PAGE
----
The war of the war first-person shooters

“Different strokes for different folks”.

It’s one of the English language’s most bizarre sayings – one that would confuse the hell out of non-English speakers, I’m sure – but it essentially means that different people like different things. That one thing won’t suit us all.

I like to apply the phrase to EA’s Battlefield 4 and Activision’s Call of Duty. Both are first-person viewpoint war games, both have single player campaigns, both have online components, yet they seem to be the two games that are the most divisive when it comes to which one is best.

It seems fans of one like to slag off the other but here’s my take on things:  If you don’t like Call of Duty, don’t play it. Same for Battlefield. No-one is forcing you to spend time on a game you don’t want or like. Both have millions of fans, each happy with the game they’ve picked, so why the bitching?

BF4Personally, I don’t have an allegiance to one or other. I’ve played both BF4 and COD Ghosts, and if I’m being honest, my favourite Battlefield game is Bad Company and my favourite COD game is Modern Warfare. Neither of them the latest in the long running franchises.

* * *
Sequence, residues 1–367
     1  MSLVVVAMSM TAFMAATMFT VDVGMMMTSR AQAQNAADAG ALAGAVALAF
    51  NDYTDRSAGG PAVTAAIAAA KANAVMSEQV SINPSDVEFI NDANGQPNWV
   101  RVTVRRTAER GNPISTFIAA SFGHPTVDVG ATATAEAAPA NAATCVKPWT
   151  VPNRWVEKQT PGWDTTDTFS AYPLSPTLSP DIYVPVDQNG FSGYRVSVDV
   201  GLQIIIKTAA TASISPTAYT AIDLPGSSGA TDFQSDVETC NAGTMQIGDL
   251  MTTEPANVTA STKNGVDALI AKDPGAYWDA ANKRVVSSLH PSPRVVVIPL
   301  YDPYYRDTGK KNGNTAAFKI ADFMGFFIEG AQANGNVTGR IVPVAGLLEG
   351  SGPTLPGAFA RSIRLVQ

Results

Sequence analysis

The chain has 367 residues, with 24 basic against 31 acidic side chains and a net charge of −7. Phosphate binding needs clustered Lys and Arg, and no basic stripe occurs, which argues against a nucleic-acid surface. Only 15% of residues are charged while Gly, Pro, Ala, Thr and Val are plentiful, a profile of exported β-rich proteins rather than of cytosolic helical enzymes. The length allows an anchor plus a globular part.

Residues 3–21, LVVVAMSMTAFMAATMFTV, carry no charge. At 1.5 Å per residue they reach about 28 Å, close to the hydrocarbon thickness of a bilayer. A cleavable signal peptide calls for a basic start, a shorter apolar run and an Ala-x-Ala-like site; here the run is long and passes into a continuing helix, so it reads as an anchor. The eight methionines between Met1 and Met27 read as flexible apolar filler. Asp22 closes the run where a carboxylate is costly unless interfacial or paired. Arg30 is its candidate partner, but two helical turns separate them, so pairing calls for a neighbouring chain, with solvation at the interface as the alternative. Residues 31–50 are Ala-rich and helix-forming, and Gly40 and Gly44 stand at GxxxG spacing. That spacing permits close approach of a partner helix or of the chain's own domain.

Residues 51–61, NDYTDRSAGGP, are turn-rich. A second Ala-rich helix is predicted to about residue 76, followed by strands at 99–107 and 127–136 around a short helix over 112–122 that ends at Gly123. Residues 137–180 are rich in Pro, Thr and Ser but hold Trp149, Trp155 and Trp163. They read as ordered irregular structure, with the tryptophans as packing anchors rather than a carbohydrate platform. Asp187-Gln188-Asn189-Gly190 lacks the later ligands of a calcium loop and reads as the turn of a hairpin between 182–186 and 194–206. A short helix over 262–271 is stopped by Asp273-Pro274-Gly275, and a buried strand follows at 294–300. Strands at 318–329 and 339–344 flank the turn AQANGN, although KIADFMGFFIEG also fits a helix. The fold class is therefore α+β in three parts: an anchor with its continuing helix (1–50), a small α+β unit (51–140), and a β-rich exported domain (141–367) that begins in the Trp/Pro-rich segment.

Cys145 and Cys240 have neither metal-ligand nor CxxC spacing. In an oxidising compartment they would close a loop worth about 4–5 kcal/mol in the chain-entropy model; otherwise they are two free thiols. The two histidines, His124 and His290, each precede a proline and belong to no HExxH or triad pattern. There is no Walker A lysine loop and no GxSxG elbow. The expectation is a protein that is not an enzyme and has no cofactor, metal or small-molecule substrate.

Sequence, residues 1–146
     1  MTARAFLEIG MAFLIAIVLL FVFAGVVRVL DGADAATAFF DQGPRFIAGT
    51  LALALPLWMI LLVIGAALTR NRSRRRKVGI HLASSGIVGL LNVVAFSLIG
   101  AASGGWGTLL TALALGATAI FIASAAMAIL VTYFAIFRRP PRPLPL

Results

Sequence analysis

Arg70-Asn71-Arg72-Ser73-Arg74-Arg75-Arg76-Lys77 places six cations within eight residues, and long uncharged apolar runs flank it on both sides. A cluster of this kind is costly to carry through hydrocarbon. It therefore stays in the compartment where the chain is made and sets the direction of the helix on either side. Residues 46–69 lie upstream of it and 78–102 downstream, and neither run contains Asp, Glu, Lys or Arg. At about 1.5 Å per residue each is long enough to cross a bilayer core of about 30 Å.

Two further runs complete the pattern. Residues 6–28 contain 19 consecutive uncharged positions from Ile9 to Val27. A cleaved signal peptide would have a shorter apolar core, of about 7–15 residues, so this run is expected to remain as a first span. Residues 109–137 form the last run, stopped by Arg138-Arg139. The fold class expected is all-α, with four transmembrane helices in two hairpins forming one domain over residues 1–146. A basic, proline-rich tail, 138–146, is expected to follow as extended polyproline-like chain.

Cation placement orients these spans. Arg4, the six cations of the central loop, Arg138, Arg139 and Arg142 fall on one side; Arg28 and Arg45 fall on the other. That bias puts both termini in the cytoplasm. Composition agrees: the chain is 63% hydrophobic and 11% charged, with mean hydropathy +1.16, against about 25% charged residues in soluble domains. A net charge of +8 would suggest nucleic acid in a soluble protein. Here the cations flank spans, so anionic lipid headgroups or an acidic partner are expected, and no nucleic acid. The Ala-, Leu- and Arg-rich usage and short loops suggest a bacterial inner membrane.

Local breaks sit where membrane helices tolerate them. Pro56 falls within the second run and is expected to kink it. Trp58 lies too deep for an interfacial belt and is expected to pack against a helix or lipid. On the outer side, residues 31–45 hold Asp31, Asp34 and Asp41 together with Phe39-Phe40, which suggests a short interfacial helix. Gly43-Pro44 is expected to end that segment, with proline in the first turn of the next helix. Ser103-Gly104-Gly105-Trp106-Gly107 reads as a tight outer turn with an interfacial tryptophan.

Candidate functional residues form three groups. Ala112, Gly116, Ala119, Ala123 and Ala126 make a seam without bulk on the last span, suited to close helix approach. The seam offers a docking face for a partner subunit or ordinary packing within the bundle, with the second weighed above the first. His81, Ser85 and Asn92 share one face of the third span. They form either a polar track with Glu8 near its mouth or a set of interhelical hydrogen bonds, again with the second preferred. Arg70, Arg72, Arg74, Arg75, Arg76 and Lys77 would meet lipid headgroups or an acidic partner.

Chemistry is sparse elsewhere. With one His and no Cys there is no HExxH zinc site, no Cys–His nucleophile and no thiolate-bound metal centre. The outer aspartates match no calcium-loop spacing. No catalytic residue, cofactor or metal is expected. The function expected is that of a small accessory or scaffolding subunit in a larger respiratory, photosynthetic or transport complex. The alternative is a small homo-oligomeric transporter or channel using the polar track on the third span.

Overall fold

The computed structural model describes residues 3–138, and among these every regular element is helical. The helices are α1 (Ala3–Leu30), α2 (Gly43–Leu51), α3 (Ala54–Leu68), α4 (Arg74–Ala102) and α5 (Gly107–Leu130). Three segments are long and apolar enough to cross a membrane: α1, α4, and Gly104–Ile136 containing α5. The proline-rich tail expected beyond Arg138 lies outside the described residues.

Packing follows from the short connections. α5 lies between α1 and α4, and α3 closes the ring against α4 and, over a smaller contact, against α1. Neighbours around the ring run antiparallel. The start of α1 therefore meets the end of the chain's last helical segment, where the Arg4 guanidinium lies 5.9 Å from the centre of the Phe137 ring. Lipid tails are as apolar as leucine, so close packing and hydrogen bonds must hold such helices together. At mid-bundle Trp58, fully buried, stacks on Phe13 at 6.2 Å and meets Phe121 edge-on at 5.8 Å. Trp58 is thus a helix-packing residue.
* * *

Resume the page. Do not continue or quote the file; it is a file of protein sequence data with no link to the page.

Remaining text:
Now, most people won’t buy either of these games for their single-player component, and rightly so as both are highly MP-focused, but I’m not most people and still like to play solo campaigns, often more so than online offerings. 

Here’s my take on campaigns from BF4 and COD Ghosts: They do a solid, if somewhat unremarkable job. I didn’t hate them but I didn’t fall in love with them either. I wouldn’t take either out for a second date .

Both have a silent protagonist, which sort of bugs me about a lot of shooter games. It bugged me back in the day that Gordon Freeman from the Half Life games was mute. It bugs me now. With today’s games wanting to immerse the player in the experience, having a silent lead character just disconnects the player from the action. I might as well be playing as an ice cream cone. 

Ghosts tries to mix things up a little – one of the opening missions takes place in space but it’s too brief, and the remote sniper is great fun – and Riley, the trained dog, is a nice touch, but it seemed to me that just as you were settling in to controlling him and thinking “This is pretty cool”, the control was ripped from you and it was back to the tried-and-tried “move forward and shoot everything in your path” gameplay.